Israel to lift restrictions on Palestinian Jordan Valley travel
Defense Minister's decision will allow Palestinians to cultivate fields, work as laborers at Jewish settlements.
Restrictions blocking Palestinians from entering the Jordan Valley will be lifted in May, Defense Minister Amir Peretz's bureau has informed the Association for Civil Rights in Israel (ACRI).
The ACRI wrote to the defense minister in December 2006, demanding that limitations on movement in the area be rescinded.
Starting in 2005, the Israel Defense Forces has been prohibiting movement by Palestinians in the Jordan Valley, which constitutes about a third of the area of the West Bank. The order excluded Palestinians registered as Jordan Valley residents - approximately 27,000 people - but included residents of Jericho. Exceptions were also made for a small number of people who received limited permits from the Civil Authority, or those working in Jordan Valley settlements.
Most of the land owned by or leased to Palestinian villagers in the mountains west of the valley is located in the valley, and local farming was hard-hit by the prohibition. Shepherds from mountain villages could not take their sheep to pasture in the valley, or keep their families together there if their registered address was not in the valley.
Thousands of Palestinians who used to work in the valley also lost their jobs. Palestinians who wanted to go to Jordan via the Allenby Bridge, east of Jericho, also faced problems.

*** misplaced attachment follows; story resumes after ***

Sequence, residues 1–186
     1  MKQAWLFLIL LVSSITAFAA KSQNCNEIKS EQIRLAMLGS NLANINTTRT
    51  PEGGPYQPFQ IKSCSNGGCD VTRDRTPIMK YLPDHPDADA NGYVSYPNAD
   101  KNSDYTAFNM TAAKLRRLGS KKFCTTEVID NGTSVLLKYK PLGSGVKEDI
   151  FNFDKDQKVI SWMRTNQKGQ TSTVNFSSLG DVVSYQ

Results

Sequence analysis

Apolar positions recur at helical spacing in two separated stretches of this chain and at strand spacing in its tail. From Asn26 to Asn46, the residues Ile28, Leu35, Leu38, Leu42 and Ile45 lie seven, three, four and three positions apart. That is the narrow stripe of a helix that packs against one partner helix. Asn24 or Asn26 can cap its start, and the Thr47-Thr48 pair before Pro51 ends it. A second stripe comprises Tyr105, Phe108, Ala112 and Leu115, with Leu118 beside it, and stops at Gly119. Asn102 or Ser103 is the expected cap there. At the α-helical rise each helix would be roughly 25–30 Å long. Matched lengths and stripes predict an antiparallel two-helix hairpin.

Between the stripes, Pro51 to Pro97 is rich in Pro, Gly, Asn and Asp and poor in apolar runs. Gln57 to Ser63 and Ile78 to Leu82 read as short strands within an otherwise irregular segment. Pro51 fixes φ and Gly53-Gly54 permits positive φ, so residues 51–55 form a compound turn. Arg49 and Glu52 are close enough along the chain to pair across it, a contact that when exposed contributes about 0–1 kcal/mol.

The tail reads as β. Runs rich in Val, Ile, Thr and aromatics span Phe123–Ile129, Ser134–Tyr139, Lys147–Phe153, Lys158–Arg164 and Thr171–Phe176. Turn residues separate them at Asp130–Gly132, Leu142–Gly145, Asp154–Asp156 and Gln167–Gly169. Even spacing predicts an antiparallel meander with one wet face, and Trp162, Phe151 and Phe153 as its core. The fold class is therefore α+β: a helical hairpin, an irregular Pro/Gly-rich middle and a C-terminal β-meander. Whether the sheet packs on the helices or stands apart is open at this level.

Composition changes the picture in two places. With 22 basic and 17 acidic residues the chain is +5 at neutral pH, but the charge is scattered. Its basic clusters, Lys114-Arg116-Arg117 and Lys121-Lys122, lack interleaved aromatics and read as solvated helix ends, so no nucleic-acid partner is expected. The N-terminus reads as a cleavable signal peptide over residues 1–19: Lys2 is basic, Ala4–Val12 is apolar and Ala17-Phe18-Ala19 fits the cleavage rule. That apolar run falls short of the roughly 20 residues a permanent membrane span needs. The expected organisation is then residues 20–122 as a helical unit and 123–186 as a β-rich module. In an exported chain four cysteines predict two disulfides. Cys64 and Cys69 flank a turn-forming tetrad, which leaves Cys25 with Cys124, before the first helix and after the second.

ACRI attorney Limor Yehuda, who wrote the letter to the defense ministry in December 2006, noted that a military commander who wants to declare an area a closed military zone must do so "by means of a written order, as required." Since no such order had been issued, Limor wrote, "the prohibitions were imposed and enforced without authority."
But even if legal orders had been issued, she added, "these are invalidated by national-ethnic discrimination, since the prohibition on movement is imposed based on individuals' national-ethnic group."
An aide to the defense minister, Ruth Bar, responded to ACRI in writing on April 10. "After examining the arguments and facts noted in your letter, a reappraisal of the need for the above-mentioned movement restrictions has been made," she wrote. "It has been decided that the restrictions will be lifted soon, so entry to the Jordan Valley will be allowed to all residents of the West Bank, contingent on security checks at various points." Bar informed
ACRI that security arrangements for lifting the prohibitions would be completed by the end of May.
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